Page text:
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Meaning? Structure? Content?

Wednesday 14 January, 2004 (12:57PM GMT)

There are three similar terms that are used to describe the philosophy of HTML and CSS web standards: 'The separation of meaning and presentation', 'The separation of structure and presentation' and 'The separation of content and presentation'. They all seem to be used pretty much interchangeably, but do they really mean the same thing? Obviously, 'meaning', 'structure' and 'content' do mean completely different things, but in this context, suggesting that HTML should be used for these things and these things only (while CSS does all the presentation), are they interchangeable?

I'm not going to provide an answer. I am one of the guilty ones who have used the terms interchangeably without much thought. A more precise phrase might be 'The separation of structured, meaningful content and presentation' or maybe even 'The separation of everything from presentation' (?!).

I'm confusing myself as I think about it...


Comment 1

As I see it, HTML applies meaning. 'Something something' just on its own is just words but '<p>Something something<p>' adds meaning to those word, making it a paragraph.

So said Chris on Wednesday 14 January, 2004 at 3:51PM GMT.

Comment 2

I'd say HTML/XML applies structure to content which has a meaning. CSS applies the presentation to the content which can add emphasis to it or hide parts of it, thus possibly altering the meaning in the process.
In Software we talk about separating presentation logic/layer from the business logic/layer.

So said Will on Wednesday 14 January, 2004 at 8:56PM GMT.

Comment 3

I suppose in a way the structure of content provides meaning.

But then, so does presentation. How something appears makes a difference in how we interpret it, so presentation carries meaning as well (among others, Douglas Norman thinks about that at ).

Further, content can be inserted (PHP, scripts of various kinds--see into a structure (HTML/XHTML), which has multiple modes of presentation (CSS)., those are not interchangeable phrases. Further, I suppose I would now use the phrase "separate structure and presentation". Depending on the application at hand, content might be integrated with structure or not....

In the end, there's just this one purpose: delivering meaningful information quickly and accessibly. Separations are just one of our tools to make it so.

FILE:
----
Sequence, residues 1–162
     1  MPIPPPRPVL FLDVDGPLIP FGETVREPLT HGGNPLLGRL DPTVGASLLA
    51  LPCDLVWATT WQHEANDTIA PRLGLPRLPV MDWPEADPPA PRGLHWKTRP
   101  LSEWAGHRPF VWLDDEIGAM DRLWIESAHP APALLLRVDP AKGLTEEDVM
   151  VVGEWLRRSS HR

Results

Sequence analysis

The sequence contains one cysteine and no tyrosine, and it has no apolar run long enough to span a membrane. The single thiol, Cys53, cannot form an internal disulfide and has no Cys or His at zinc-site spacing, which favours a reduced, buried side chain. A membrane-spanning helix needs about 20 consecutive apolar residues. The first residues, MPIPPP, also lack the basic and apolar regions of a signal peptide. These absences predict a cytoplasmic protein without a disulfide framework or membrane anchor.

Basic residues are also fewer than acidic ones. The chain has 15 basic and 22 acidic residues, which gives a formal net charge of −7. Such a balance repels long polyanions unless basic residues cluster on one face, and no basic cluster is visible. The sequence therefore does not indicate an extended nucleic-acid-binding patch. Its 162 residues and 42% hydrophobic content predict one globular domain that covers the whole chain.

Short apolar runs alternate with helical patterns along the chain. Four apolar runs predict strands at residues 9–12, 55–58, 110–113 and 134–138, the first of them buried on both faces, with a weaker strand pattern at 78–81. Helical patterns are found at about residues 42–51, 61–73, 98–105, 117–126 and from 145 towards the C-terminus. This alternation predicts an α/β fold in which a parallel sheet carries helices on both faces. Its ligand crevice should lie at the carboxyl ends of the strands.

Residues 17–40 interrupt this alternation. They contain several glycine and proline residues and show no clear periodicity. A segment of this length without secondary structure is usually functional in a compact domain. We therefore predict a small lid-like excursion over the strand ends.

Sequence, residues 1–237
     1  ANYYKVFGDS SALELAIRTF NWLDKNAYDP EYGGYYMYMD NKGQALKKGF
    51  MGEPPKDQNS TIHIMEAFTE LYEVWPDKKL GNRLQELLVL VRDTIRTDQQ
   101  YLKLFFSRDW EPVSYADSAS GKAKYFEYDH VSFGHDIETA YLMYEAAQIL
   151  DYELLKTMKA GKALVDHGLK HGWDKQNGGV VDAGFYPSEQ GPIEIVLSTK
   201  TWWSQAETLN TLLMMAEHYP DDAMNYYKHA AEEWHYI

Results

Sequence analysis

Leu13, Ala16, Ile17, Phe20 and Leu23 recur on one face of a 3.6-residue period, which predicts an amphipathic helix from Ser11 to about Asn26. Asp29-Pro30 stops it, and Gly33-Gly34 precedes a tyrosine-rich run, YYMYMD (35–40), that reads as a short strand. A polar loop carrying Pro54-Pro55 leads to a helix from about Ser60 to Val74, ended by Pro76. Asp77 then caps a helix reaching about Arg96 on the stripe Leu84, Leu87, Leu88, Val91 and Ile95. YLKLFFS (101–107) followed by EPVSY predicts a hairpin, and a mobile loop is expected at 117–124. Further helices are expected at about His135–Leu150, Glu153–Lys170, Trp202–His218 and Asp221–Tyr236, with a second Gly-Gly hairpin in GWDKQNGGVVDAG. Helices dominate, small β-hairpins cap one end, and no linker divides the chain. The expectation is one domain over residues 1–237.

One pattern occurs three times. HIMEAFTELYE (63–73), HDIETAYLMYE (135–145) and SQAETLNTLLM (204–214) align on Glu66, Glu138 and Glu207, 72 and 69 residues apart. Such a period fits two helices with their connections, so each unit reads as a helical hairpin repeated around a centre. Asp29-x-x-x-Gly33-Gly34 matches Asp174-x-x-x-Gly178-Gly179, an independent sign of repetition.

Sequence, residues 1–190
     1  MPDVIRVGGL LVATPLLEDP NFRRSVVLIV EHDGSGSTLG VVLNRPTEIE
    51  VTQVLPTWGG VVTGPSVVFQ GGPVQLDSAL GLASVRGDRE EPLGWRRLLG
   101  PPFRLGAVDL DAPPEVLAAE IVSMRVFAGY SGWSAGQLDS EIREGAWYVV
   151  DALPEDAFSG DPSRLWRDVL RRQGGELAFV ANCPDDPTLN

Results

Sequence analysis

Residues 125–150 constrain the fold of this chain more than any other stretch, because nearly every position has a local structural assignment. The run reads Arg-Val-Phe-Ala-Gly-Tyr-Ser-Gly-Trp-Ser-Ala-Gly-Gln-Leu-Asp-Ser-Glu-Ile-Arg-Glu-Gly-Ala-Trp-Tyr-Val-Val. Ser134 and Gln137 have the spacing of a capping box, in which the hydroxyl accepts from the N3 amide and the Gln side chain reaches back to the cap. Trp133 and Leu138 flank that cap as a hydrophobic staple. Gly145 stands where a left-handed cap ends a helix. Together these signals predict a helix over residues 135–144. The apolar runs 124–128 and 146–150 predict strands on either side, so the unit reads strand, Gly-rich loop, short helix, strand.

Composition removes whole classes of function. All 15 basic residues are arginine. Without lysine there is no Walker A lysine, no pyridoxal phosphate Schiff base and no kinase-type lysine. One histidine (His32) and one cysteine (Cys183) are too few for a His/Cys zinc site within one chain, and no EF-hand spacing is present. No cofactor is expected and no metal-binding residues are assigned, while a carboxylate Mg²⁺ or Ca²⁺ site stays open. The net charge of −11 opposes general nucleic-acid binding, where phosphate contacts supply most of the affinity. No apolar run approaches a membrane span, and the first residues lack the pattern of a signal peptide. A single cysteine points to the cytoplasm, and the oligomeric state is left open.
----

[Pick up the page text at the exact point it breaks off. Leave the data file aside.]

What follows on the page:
So said metasilk on Thursday 15 January, 2004 at 3:12PM GMT.

Comment 4

more for the discussion...
from :

"XML was designed to describe data and HTML was designed to display data. "

So said metasilk on Thursday 15 January, 2004 at 9:17PM GMT.

Comment 5

Well, on that point W3Schools is completely wrong.

As a matter of fact, HTML was designed to be specifically independent of display.

When Tim Berners-Lee invented HTML, he never intended it to be presentational. His idea was great, but for a long time there was no adequate way of controlling detailed presentation, so daft tags like <font> were added by browser manufacturers and hacks were used such as using tables for layouts, completely going against the intended data-centric nature of HTML. But now we have CSS and we can finally use HTML as it was intended - not to display data, but to describe it.

HTML in its most modern form (XHMTL) *is* XML - and all it is is a commonly understood type of XML that browsers can take and understand how to interpret straight away.

See for a bit more information about the history of HTML.

So said Patrick on Friday 16 January, 2004 at 12:59PM GMT.

Comment 6

XHTML is an implmentation of XML that is a way of describing hyperlinked documents. HTML is an implmentation of SGML for describing hyperlinked documents. XML data can be tranformed into HTML for parsing as a hyperlinked document just as XML can be tranformed to SVG to parse it as a Vector graphic or to XSL-FO to parse it as a paged document. CSS can (in theory) apply presentation to both XML, XHTML (as a subset of XML) and HTML.

That's the way I see the relationships between the technologies. What do you reckon?

So said Dan Webb on Tuesday 20 January, 2004 at 2:47PM GMT.

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